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CHARLES G. ADDISON, ESQ. The history of the Knights Templars, Temple Church, and the Temple


Sir John Froissart's Chronicles of England, France, Spain and the Ajoining Countries from the latter part of the reign of Edward II to the coronation of Henry IV in 12 volumes 

Chronicles of Enguerrand De Monstrelet (Sir John Froissart's Chronicles continuation) in 13 volumes 

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The history of the Knights Templars, Temple Church, and the Temple
page 171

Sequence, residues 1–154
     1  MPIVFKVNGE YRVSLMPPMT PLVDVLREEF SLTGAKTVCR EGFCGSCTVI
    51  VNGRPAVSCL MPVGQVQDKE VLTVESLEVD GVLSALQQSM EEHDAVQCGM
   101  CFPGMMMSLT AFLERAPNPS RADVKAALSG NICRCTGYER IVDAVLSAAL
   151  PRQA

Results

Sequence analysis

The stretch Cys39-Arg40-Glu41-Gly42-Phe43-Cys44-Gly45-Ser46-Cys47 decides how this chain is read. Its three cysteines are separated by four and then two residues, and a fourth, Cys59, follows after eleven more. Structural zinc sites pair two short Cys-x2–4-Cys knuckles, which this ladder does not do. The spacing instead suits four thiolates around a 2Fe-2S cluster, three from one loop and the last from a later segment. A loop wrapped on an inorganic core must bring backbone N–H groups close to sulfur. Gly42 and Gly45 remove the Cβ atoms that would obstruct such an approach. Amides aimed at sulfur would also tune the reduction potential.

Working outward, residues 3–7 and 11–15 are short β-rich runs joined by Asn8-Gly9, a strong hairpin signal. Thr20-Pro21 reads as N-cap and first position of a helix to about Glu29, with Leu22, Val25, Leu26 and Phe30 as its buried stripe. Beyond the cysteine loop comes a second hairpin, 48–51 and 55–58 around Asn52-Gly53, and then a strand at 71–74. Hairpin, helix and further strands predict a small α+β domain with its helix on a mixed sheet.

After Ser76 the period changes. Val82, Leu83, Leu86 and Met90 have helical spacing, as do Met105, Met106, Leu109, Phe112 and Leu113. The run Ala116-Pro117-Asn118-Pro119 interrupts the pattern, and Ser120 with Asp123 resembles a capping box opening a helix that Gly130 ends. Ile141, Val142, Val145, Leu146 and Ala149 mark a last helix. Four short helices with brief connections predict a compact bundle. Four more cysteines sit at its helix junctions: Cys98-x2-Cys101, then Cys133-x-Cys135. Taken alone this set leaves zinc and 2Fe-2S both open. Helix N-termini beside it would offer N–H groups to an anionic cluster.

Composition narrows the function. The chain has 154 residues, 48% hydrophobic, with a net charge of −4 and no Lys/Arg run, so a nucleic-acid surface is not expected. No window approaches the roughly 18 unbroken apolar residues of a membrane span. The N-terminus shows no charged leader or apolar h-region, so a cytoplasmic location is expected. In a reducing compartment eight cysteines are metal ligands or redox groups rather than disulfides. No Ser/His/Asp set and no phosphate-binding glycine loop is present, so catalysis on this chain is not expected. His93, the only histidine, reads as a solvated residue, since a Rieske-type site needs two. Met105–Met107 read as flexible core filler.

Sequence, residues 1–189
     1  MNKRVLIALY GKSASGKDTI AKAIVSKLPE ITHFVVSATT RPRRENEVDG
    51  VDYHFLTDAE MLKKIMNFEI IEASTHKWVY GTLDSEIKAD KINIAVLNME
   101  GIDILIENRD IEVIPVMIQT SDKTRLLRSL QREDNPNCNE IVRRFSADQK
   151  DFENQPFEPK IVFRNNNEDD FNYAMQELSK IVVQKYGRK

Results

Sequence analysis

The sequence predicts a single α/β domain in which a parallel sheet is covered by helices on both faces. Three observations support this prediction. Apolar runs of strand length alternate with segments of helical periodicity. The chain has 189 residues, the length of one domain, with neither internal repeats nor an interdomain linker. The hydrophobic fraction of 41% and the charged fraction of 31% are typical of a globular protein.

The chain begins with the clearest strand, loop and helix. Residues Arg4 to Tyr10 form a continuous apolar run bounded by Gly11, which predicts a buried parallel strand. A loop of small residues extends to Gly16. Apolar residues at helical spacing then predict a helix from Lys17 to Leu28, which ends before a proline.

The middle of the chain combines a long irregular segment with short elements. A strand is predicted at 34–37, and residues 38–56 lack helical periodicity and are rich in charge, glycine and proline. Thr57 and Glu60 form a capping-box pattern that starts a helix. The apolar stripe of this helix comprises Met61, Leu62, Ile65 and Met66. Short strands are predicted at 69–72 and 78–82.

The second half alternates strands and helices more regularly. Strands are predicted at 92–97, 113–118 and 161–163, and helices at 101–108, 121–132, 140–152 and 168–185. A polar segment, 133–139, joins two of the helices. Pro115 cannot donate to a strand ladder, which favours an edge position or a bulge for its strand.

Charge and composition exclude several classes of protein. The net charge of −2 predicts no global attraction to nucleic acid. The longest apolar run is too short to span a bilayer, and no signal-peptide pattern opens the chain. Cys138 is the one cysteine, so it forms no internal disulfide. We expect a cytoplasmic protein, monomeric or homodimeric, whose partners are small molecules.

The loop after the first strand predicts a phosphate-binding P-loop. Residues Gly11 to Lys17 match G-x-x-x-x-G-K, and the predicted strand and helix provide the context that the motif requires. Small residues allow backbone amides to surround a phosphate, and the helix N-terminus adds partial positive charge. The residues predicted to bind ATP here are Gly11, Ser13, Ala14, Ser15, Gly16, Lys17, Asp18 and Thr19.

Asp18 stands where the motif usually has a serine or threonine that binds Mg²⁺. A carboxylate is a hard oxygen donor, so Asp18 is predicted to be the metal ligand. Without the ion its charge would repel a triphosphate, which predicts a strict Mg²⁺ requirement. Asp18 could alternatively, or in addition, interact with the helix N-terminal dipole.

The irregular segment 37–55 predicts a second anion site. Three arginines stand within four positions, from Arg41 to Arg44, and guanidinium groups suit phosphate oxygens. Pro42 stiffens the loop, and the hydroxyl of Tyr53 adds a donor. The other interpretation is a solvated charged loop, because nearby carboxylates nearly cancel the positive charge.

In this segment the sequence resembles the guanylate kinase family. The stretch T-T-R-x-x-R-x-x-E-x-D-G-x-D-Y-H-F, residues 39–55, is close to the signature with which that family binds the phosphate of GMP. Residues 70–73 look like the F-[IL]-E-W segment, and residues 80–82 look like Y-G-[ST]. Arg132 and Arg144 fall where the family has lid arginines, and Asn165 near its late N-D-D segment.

P utir di christian warriors was forthwith arrested. The waters continued to J^°BJÎS. increase upon us, and in this terrible inundation we lost all our horses and saddles, our carriages, baggage, furniture, and moveables, and everything that we had. W e ourselves could neither advance nor retreat, and knew not whither to turn. W e could not attack the Egyptians on account of the great lake which extended itself between them and us ; we were without food, and being caught and pent up like fish in a net, there was nothing left for us but to treat with the sultan. " W e agreed to surrender JJamietta, with all the prisoners which we had in Tyre and at Acre, on condition that the sultan restored to us the wood of the true cross and the prisoners that he detained at Cairo and Damascus. We , with some others, were deputed by the whole army to announce to the people of ©annetta the terms that had been imposed upon us. These were very displeasing to the bishop of Acre,* to the chancellor, and some others, who wished to defend the town, a measure which we should indeed have greatly approved of, had there been any reasonable chance of success; for we would rather have been thrust into perpetual imprisonment than have surrendered, to the shame of Christendom, this conquest to the infidels. But after having made a strict investigation into the means of defence, and finding neither men nor money wherewith to protect the place, we were obliged to submit to the conditions of the sultan, who, after having exacted from us an oath and hostages, accorded to us a truce of eight years. During the negotiations the sultan faithfully kept his word, and for the space of fifteen days furnished our soldiers with the bread and com necessary for their subsistence. * Our historian, James de Vitry;he Butaequently become one cT the hostages. Coatin. Hist, apud Marttne, toni. r. col. C98.

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